Piece by piece, MacPhail keeps putting Orioles back together again

The Baltimore Sun

FORT LAUDERDALE, Fla. -The Orioles appear to be dotting the i's on a four-year contract extension for second baseman Brian Roberts, which creates an interesting juxtaposition, because the completed contract immediately will return the favor and tie up a number of loose ends for the organization.

Club president Andy MacPhail laid out a fairly comprehensive list of things he wanted to accomplish when he agreed to the titanic job of salvaging the respectability of the once-proud Orioles franchise, and he has made good on much of that list. He has broadened the talent base of the organization with several major trades, upgraded the player development pipeline, enhanced the team's international presence, and positioned the club for a quick growth spurt that might or might not elevate it into contention with the top teams in the American League East over the next few years.

Still, most everyone agrees the most important move of the offseason was signing right fielder Nick Markakis to a six-year, $66.1 million contract, and the final piece of the offseason puzzle was Roberts, who needed to be signed long-term or traded for more young talent.

Either way, MacPhail would have kept faith with his original blueprint, but locking up Roberts for four more years - an outcome that seems imminent - would do much more than just keep the Orioles moving in the right direction; it would affect the organization at just about every level. Let me count the ways:

Fan relations: : Roberts is one of the most popular Orioles, and his unsettled contract situation has been a constant reminder to fans of the administrative shortcomings of ownership. Signing Markakis and Roberts might - dare I say it - even allow fans to think kindly of Peter Angelos for a moment or two for putting up the more than $100 million necessary to keep the club's two homegrown stars in Baltimore for the foreseeable future.

Community relations: : Nobody has to be reminded of Roberts' contributions to the community. He has been a major supporter of the University of Maryland Hospital for Children.

Player development: : The Orioles do not have a second baseman of the future in the upper levels of their minor league system, and trading Roberts just one year short of his free-agent eligibility probably wouldn't get them anyone certain to replace him as one of the cornerstones of the offensive lineup and the defensive infield. This allows more time to develop a long-range option at the position, while allowing the player development department to focus on other pressing needs.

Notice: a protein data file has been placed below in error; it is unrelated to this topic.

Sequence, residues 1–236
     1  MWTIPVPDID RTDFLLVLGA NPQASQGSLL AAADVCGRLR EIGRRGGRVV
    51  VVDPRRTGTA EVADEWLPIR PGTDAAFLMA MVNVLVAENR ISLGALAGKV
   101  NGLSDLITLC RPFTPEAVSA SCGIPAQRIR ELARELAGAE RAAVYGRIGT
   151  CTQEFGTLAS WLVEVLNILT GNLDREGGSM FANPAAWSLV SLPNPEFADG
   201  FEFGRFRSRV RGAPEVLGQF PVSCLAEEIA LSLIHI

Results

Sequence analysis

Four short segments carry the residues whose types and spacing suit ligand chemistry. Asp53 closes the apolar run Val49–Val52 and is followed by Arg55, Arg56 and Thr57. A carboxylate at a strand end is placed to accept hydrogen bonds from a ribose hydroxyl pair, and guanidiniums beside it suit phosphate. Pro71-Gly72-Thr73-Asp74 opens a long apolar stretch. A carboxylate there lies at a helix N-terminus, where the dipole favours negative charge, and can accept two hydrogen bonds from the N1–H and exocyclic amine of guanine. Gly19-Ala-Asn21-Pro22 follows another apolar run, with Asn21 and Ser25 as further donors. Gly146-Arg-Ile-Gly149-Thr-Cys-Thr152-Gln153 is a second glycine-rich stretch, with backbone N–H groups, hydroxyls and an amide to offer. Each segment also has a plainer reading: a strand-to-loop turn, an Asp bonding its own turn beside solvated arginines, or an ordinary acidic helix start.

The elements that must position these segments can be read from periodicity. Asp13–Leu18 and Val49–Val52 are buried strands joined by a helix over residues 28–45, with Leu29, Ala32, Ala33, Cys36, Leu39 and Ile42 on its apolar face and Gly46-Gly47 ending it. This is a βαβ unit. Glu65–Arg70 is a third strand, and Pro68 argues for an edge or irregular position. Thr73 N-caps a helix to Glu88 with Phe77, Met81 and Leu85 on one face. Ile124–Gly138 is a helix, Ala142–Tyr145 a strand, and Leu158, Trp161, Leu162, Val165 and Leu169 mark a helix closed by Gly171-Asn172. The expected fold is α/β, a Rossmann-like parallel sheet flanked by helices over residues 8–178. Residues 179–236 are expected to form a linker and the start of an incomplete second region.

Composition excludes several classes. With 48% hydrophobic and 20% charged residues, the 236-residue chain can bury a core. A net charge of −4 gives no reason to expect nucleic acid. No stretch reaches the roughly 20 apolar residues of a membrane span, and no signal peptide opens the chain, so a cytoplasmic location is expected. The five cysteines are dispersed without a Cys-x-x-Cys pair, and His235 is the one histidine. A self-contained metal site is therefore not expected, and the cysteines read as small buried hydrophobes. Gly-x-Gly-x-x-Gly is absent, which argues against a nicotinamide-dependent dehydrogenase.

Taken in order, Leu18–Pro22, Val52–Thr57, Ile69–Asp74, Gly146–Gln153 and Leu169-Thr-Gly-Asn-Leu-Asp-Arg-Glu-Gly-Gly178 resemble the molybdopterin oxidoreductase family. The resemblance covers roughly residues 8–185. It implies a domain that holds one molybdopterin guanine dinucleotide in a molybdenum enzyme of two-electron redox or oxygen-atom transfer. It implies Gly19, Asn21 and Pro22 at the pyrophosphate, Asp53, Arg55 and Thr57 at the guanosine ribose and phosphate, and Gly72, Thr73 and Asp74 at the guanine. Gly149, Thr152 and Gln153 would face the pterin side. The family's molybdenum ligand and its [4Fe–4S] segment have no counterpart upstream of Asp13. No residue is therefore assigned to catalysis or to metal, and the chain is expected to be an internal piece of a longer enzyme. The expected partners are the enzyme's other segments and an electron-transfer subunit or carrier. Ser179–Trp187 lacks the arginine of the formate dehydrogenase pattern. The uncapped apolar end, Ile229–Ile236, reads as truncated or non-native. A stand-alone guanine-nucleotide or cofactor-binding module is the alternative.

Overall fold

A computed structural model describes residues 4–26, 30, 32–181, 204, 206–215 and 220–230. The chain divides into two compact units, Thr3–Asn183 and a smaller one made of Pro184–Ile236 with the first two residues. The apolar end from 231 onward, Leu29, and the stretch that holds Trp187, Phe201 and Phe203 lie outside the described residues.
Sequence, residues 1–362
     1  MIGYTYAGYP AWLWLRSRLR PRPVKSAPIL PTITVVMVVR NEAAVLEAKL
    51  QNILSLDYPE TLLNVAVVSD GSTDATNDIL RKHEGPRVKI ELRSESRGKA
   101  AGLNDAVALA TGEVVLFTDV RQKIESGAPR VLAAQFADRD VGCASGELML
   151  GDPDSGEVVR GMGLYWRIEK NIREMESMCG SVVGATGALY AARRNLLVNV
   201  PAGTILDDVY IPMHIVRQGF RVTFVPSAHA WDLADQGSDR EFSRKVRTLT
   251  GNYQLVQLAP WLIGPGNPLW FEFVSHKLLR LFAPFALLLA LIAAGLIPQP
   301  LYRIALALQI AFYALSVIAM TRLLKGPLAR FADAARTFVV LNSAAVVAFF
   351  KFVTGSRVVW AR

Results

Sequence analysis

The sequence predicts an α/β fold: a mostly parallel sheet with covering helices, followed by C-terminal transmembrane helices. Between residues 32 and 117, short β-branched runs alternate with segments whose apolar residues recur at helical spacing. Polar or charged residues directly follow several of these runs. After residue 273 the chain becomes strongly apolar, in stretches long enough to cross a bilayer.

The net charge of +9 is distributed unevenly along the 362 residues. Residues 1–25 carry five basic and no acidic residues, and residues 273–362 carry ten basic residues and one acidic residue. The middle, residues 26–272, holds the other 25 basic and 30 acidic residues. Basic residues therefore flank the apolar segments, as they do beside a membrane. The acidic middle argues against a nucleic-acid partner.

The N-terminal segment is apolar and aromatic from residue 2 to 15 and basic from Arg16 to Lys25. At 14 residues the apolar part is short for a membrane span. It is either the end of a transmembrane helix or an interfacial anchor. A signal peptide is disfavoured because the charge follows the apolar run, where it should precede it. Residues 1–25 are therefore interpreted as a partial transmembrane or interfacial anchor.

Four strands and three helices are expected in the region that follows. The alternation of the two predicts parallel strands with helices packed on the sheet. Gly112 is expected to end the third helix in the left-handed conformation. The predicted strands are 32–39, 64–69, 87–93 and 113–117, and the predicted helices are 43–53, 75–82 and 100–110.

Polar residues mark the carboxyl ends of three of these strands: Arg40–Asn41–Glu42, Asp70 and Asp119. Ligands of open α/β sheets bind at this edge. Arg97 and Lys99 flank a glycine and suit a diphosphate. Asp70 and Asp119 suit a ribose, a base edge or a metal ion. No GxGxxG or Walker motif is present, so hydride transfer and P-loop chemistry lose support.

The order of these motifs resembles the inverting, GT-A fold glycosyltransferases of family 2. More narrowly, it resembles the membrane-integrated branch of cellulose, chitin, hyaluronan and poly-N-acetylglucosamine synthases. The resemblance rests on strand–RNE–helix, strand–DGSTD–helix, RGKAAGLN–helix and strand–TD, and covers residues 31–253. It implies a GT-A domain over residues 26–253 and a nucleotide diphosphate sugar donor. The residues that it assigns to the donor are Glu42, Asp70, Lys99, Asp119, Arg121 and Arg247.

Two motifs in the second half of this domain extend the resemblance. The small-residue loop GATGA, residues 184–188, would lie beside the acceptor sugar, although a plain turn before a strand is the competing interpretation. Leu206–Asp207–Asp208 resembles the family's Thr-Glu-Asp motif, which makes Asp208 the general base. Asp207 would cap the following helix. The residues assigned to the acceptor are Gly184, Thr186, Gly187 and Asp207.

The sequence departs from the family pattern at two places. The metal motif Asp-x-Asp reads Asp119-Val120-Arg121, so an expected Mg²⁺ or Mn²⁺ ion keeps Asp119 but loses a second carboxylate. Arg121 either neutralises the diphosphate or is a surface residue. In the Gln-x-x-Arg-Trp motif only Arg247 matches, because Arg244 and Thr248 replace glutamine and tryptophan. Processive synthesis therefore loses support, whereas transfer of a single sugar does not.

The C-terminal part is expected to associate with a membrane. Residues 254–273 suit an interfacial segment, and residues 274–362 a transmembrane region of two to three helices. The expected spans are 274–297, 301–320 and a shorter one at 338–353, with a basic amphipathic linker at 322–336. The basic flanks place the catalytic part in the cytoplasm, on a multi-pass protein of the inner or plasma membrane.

On the field: : Keeping Roberts for at least four more seasons stabilizes the Orioles' up-the-middle defense. The club is set at shortstop (Cesar Izturis) for the next two seasons and has center fielder Adam Jones under control for at least the next five years. Catcher Gregg Zaun is only signed for one guaranteed year, but the position will soon will be inherited by top prospect Matt Wieters.

In the clubhouse: : The Markakis and Roberts signings send a clear message to the young players in the Orioles' organization that hard work and loyalty will be richly rewarded. The Orioles will still have to start winning at some point, but this kind of signing enhances the credibility of the organization inside and out.

Maybe I'm making this too complicated. The deal locks up one of the top leadoff hitters in baseball and allows manager Dave Trembley to put the same name at the top of the lineup card every day. The impact of that is felt throughout the batting order, which should be fairly productive if Jones takes another step forward and Aubrey Huff can come close to replicating last year's numbers.

It's difficult to say exactly how the club's ability to keep its most popular stars will have an impact at the turnstiles. Whatever attendance boost the Orioles might have gotten from a change in the attitude of disaffected fans might be offset by the drag of the sharp recession that has struck every level of society. The Orioles have seen attendance drop in nine of the past 11 seasons and have to assume it will drop again, but the overall image of the franchise has improved since the arrival of MacPhail and it should improve a little more with the uncertainty about Roberts behind it.

That only goes so far, of course. The progress MacPhail has made has yet to be reflected in the win column and might not be again this season, but Roberts' decision to stay another four years is a signal to the fans that he has confidence things really are going to get better.

That, in itself, might be worth the price.

Listen to Peter Schmuck from spring training on WBAL (1090) every weeknight at 6.

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